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U.S. EX REL HURTADO v. BRILEY

June 25, 2004.

United States of America ex rel. ROBERTO HURTADO (#K-79902), Petitioner,
v.
KENNETH BRILEY, Warden, Stateville Correctional Center, Respondent.



The opinion of the court was delivered by: JOAN H. LEFKOW, District Judge

MEMORANDUM OPINION AND ORDER

In his petition for a writ of habeas corpus pursuant to 28 U.S.C. § 2254, petitioner Roberto Hurtado ("Hurtado") challenges his conviction for two counts of first degree murder and two counts of aggravated kidnaping entered in the Circuit Court of Cook County, Illinois. Hurtado argues that he is entitled to habeas relief because his confession was obtained in violation of Vienna Convention. For the reasons stated below, the petition is denied.

HABEAS STANDARD

  Pursuant to the Antiterrorism and Effective Death Penalty Act ("AEDPA"), this court must deny Hurtado's petition for a writ of habeas corpus with respect to any claim adjudicated on the merits in the state court unless the state court's decision "was contrary to, or involved an unreasonable application of, clearly established Federal law, as determined by the Supreme Court of the United States." 28 U.S.C. § 2254(d); Price v. Vincent, 538 U.S. 634, 638-39 (2003). A state court's decision is contrary to clearly established Supreme Court precedent "if the state court arrives at a conclusion opposite to that reached by [the Supreme] Court on a question of law" or "if the state court confronts facts that are materially indistinguishable from a relevant Supreme Court precedent and arrives at a result opposite to [it]." Williams v. Taylor, 529 U.S. 362, 405 (2000)

  A state court's decision is an unreasonable application of clearly established Supreme Court law "if the state court identifies the correct governing legal rule from this Court's cases but unreasonably applies it to the facts of a particular prisoner's case" or "if the state court either unreasonably extends a legal principle from our precedent to a new context where it should not apply or unreasonably refuses to extend that principle to a new context where it should apply." Id. In order for a state court decision to be considered "unreasonable" under this standard it must be more than incorrect, it must lie "well outside the boundaries of permissible differences of opinion." Hardaway v. Young, 302 F.3d 757, 762 (7th Cir. 2002); see also Schultz v. Page, 313 F.3d 1010, 1015 (7th Cir. 2002) ("The state court decision is reasonable if it is minimally consistent with the facts and circumstances of the case.").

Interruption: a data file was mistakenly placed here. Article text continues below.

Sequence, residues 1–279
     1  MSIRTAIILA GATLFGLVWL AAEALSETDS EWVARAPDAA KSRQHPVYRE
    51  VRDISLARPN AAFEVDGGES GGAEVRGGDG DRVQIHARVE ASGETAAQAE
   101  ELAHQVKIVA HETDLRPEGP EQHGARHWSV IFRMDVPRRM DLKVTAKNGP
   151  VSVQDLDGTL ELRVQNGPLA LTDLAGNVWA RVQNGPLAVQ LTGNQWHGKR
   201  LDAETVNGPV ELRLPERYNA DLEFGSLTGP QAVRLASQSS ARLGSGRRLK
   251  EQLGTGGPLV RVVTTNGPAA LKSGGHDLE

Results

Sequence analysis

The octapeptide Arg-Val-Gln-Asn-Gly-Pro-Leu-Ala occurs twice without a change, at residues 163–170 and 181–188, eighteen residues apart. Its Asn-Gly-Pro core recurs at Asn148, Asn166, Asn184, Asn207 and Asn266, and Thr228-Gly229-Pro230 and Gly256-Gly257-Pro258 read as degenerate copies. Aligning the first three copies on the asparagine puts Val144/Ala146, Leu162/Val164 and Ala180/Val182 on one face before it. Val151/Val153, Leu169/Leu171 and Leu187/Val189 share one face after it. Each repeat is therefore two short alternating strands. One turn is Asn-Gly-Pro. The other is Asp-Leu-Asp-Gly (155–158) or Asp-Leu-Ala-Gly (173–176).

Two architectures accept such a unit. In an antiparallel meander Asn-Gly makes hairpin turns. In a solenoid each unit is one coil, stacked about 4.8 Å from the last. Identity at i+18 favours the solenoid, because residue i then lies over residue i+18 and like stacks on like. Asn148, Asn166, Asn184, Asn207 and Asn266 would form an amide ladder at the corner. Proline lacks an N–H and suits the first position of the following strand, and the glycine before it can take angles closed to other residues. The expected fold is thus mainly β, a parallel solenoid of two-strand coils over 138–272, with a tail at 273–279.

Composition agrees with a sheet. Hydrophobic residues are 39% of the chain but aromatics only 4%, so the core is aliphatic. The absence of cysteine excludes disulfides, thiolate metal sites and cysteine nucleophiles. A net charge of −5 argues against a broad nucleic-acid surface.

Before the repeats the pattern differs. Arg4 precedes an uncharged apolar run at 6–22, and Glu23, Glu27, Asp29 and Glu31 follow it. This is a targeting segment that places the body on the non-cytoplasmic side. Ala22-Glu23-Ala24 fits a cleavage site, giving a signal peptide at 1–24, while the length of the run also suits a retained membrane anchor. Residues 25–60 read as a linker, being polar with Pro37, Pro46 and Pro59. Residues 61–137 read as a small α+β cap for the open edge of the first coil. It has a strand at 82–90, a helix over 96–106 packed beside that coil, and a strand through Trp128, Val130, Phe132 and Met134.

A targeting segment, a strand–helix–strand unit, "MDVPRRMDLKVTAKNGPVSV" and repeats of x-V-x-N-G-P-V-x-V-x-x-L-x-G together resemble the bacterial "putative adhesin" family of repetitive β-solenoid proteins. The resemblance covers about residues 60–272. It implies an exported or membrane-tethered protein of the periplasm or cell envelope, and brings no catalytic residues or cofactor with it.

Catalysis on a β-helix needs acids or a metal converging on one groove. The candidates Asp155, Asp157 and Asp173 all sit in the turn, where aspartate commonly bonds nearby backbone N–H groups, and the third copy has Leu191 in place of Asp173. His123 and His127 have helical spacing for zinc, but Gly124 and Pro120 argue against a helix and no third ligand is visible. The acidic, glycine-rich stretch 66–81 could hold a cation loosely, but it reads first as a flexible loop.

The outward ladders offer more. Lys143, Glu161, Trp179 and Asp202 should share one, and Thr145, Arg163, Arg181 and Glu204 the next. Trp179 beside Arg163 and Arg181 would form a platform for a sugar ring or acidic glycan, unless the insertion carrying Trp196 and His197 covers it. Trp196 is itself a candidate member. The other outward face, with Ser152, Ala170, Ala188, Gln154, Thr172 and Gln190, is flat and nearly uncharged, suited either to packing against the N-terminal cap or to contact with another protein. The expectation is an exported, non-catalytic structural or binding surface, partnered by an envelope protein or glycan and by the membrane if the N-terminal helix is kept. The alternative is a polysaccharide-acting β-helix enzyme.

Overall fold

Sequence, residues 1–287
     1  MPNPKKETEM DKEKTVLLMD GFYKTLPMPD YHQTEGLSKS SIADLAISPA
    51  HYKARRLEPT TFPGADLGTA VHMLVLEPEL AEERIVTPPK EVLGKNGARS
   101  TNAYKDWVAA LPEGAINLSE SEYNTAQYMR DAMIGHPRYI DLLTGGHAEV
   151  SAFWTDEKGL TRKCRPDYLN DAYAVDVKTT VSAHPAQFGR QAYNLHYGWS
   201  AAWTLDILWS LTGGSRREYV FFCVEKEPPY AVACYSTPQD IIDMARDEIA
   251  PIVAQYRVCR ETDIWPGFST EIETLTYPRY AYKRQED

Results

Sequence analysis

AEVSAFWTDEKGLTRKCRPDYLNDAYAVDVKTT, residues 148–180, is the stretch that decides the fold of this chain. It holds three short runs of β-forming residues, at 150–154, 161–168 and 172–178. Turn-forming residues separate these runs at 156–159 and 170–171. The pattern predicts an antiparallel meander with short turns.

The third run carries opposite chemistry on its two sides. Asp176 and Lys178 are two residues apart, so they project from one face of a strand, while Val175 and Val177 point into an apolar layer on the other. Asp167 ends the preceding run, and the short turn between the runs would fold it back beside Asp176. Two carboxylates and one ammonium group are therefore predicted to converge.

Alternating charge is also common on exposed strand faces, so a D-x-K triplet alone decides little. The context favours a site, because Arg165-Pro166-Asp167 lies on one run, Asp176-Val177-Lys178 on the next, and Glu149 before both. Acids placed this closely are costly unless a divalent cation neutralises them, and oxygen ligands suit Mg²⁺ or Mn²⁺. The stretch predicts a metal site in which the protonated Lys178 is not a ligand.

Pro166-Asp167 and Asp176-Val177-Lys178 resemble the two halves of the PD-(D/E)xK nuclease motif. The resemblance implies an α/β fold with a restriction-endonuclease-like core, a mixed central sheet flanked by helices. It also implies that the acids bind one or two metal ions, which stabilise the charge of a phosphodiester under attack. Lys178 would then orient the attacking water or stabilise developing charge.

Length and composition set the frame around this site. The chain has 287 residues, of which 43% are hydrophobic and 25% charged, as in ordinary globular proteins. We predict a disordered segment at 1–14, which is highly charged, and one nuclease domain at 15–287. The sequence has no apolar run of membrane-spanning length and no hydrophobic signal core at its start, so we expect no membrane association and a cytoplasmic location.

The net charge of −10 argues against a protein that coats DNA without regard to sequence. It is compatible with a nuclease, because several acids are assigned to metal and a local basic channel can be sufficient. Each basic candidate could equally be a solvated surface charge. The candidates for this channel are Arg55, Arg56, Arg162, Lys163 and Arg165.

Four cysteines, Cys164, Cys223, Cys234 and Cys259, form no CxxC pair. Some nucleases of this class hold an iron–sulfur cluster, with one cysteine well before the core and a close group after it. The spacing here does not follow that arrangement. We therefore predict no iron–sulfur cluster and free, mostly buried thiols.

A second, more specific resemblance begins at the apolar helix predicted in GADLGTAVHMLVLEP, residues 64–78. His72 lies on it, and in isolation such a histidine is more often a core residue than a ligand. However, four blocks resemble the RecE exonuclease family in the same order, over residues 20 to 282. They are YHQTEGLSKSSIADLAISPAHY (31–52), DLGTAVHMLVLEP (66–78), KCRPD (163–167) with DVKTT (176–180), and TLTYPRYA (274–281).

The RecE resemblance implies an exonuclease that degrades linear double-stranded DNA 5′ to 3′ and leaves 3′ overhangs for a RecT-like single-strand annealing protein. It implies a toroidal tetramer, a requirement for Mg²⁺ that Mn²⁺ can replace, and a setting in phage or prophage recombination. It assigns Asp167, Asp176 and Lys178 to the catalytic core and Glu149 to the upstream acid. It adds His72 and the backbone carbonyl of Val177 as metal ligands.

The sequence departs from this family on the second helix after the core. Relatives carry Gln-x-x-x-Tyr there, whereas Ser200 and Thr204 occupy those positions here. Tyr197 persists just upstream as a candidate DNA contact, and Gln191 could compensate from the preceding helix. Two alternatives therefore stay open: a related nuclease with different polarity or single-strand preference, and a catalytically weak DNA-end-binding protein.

Before reviewing the state courts' decisions, however, the court must determine whether Hurtado fairly presented his federal claims to the state courts, as any claim not presented to the state's highest court is deemed procedurally defaulted. O'Sullivan v. Boerckel, 526 U.S. 838, 844-45 (1999). Moreover, "[a] federal court will not review a question of federal law decided by a state court if the decision of the state court rests on a state procedural ground that is independent of the federal question and adequate to support the judgment." Moore v. Bryant, 295 F.3d 771, 774 (7th Cir. 2002). A federal court may not grant habeas relief on a defaulted claim unless the petitioner can demonstrate cause for the default and actual prejudice as a result of the alleged violation of federal law, or demonstrate that failure to consider the claim will result in a fundamental miscarriage of justice. Coleman v. Thompson, 501 U.S. 722, 750 (1991); Anderson v. Cowen, 227 F.3d 893, 899 (7th Cir. 2000).